Haemodialysis is a process by which excess waste products and water are removed from the blood. This process requires an access to the patient's blood stream and the use of a haemodialysis machine. An access is a specially created vein in the arm known as the arterio-venous (AV) fistula.
During haemodialysis, blood is channeled through a plastic tubing (known as blood lines) to the dialyser which works as an artificial kidney (dialyzer). The dialyzer filters waste, removes extra fluid and balances electrolytes from blood to the dialysis solution (dialysate) and vice versa. The dialysate has a salt composition similar to blood but without any waste products.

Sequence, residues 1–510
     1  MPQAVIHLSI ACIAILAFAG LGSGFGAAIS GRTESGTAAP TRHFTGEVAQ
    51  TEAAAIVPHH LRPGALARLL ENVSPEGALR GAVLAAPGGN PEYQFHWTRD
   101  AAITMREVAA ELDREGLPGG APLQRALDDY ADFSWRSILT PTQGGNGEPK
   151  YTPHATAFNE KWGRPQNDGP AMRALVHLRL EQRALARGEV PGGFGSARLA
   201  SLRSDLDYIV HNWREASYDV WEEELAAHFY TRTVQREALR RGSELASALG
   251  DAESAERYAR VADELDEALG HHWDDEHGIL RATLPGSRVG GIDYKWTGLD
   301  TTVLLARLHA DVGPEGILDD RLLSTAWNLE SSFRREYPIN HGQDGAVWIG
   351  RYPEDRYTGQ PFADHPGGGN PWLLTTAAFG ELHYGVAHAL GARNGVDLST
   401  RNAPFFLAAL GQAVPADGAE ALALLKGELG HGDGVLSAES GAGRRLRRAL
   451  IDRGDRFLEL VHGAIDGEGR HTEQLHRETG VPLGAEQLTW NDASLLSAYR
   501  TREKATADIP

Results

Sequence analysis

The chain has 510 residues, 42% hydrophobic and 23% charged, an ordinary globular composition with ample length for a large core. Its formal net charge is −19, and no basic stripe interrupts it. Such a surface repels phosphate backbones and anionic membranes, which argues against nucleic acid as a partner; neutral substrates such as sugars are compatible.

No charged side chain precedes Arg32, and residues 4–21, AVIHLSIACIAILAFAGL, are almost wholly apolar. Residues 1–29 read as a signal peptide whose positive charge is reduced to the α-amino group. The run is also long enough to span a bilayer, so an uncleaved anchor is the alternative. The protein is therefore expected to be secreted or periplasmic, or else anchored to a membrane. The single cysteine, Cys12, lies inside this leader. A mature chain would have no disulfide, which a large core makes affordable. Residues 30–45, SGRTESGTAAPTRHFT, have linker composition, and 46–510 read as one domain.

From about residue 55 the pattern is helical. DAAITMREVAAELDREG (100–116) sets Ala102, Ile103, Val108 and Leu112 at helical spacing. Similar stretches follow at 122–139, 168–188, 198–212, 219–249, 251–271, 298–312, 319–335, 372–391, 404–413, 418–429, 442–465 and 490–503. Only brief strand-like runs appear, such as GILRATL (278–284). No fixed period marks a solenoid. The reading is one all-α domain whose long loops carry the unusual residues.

Usually one dialysis session takes about 4 hours to complete and each patient requires dialysis 3 times a week.